India and the Indians - Part 12

Part 12

"As the pure flame feeds indiscriminately on all sorts of fuel, the living timber of the forest as well as the refuse of the dung-heap, so ought the ascetic to accept willingly whatever food is given to him, never reflecting on its value, nor whether it is stale or fresh."[2]

[Footnote 2: Oman, _The Ascetics of India_, p. 158.]

The reader will be able to judge for himself how far the application of these ill.u.s.trations is calculated to help a man in his religious aspirations towards asceticism.

The fact that Hinduism is a religion which still has a great hold upon the majority of the people of India may be partly explained by the shallowness of the Indian mind, which was referred to in the last chapter. If there had been greater depth of feeling, and keener perception of what the soul needs, the Hindu religion could never have held its ground for so long. In spite of what many writers say about Hinduism permeating every corner of domestic life, which is true in a sense, it does not mean that "religion," as we understand the word, permeates the Indian household. In an article in the _Fortnightly_ of September 1909, an educated Hindu, Mr. P. Vencatarao by name, writing on the subject, "Why I am not a Christian," after stating amongst other things that "Hinduism has no fundamental dogmas," goes on to say: "Hinduism is much more a matter of social intercourse and domestic life than of religion in the proper sense of the word." And that is perfectly true.

It is a particularly easy religion to follow. The moral code is left undefined, and for the child depends upon the individual characteristics of the members of the household in which he grows up.

The only clear rule of life which the Hindu possesses is concerning the observance of caste. That is to say, he must never take food or drink which has been in any way contaminated by the touch of a caste lower than his own, and marriage may only be contracted within the limits of his own caste. This rule he observes strictly, at any rate in public, from the earliest childhood onwards. But it conveys no moral obligation. On the contrary, it tends to self-esteem and selfishness. Nor does it often cause any serious inconvenience. Or when it does, as for instance when travelling, the exigences of modern life have brought about a number of small concessions to the strictness of the rule concerning food and drink, so that the inconveniences have been mitigated or removed.

Numbers of Hindus break their caste rules in private. More than once a high-caste visitor in the verandah, when he was alone, has asked me for a drink of water; and there is no breach of caste so heinous as to take water from the hand of a Christian. Now and then a Hindu lad will display such an audacious courage in religious matters that it partakes rather of the nature of a boyish freak. Several big Brahmin lads, most of them being about sixteen or seventeen years old, had been visiting the Mission-house rather frequently and showed a good deal of interest in Christianity. One of them, when sitting in the verandah, suddenly said to one of the Fathers: "Could I have a drink of water?" The Father replied that he would fetch him the water if he wished. The lad said: "Bring it, please"; and when the gla.s.s of water was brought, he drunk it in the presence of his companions, and thus deliberately and publicly breaking his caste. Unless he had been prepared to follow his action up in some definite way, it had no particular use; but it was not for us to suggest scruples. It need scarcely be added that the visits from that particular group of lads ceased, and it was long afterwards that, meeting the perpetrator of this rash act in the road, I asked him what penalties he had had to undergo for what he had done. He denied that any results followed, but the cessation of his visits gave the lie to this a.s.sertion.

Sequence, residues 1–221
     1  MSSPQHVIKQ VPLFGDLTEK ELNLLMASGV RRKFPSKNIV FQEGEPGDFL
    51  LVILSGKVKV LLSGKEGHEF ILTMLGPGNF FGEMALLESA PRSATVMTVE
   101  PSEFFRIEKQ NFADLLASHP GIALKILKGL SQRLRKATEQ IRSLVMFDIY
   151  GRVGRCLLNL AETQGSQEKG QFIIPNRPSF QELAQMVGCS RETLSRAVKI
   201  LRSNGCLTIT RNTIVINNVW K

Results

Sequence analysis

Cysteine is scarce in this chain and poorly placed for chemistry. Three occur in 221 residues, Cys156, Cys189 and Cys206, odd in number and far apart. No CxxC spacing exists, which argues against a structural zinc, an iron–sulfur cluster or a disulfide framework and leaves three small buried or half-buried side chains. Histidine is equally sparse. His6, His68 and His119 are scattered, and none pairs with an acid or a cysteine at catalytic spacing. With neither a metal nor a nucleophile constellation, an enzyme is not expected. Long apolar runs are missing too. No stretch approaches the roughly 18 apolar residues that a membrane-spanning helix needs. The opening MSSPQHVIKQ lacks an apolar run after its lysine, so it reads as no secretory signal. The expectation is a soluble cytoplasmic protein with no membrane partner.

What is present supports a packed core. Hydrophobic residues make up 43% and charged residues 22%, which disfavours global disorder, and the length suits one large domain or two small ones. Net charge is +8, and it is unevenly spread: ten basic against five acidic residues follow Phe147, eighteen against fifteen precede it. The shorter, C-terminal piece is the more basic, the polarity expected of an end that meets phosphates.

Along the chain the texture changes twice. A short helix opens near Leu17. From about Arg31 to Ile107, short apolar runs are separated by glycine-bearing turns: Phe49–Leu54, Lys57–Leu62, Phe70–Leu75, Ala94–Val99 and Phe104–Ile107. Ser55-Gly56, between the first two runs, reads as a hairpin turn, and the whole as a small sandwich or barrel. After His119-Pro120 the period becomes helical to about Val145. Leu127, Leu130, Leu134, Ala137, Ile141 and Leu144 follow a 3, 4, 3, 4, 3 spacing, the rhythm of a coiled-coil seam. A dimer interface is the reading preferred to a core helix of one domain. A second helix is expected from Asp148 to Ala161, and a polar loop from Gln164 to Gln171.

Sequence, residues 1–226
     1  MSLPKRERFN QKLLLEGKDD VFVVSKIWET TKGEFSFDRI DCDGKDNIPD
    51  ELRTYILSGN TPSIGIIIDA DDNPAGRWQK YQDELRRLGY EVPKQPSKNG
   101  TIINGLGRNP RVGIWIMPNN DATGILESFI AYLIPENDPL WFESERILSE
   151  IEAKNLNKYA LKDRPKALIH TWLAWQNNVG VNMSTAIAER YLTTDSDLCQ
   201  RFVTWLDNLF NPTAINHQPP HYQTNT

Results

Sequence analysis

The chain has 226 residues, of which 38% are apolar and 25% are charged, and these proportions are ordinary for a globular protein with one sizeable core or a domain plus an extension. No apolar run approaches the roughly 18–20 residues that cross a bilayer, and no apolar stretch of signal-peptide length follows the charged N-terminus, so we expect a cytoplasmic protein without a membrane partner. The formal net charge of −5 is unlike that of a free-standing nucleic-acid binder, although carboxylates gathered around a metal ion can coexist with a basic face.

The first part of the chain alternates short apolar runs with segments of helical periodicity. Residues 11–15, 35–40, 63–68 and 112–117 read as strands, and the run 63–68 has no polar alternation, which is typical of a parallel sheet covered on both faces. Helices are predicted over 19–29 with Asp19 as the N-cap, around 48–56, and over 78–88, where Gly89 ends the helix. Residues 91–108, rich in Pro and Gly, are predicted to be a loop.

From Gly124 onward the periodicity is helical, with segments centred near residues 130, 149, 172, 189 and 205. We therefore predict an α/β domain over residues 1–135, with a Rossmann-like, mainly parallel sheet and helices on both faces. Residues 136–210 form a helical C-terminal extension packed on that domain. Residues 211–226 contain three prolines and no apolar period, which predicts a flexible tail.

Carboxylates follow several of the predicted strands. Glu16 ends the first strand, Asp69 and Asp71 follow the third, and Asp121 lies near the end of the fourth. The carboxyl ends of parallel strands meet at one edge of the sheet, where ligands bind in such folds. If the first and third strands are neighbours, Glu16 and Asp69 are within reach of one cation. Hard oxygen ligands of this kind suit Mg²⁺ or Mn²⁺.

[Ill.u.s.tration: NIRARI BHOSLE.]

One of the village boys, who is endowed with a strong spirit of mischief, implored me to cut off his pigtail in order that he might have the fun of seeing his mother's horror when he returned without it. But as he had no present intention of becoming a Christian, and it would have made a row to no purpose, I refused to be an accomplice to his mischief.



Tigers not often seen. Unlooked-for visits. Appearance of a tiger. The dead panther. Government rewards. Annual return of people killed. The tiger's den. Jackals; their cry.

Wolves. So-called "wolf-boys." The Asiatic lion.

When an English boy meets a missionary from India the only thing he wants to know is whether he has ever seen any tigers, and he is disappointed if he gets an answer in the negative. The truth is, that though wild beasts are still numerous they keep out of sight as much as possible. They soon realise that man is their enemy, and ordinarily they give him as wide a berth as possible. When a grandee wants to shoot a tiger the difficulty is to find one, and an elaborate and lengthy campaign has to be organised, and an army of beaters called into requisition in order to gradually bring the tigers within range.

A forest officer of long experience, in that jungly region where the mouths of the Ganges open out into the Bay of Bengal, told me that though tigers are known to frequent those parts, he had never seen one.

In the hot weather in India English people sleep with doors and windows wide open on the ground floor, or in the verandah, or even quite out of doors in their compound, without apprehension. Whereas in England, where there are no wild beasts, and thieves may be supposed to be under control, doors and windows are barred at night as if the house was about to sustain a siege.

But where there are no barriers of sea to prevent wild beasts from wandering wherever they please, unlooked-for visits are possible, even if improbable. Animals are sometimes obliged to abandon their usual haunts in time of drought, when the normal sources of water have dried up, and they wander farther afield and come nearer to the haunts of men than is their wont. Occasionally people are taken by surprise by the advent of a panther, or even a tiger, in a district which they were supposed to have deserted.

One of the Brothers and some of the Mission boys were climbing about the hills in holiday time in the neighbourhood of Kala, a small village twenty miles or so from Poona, and in the heat of the day rested for a while in the shade of a thicket of small trees.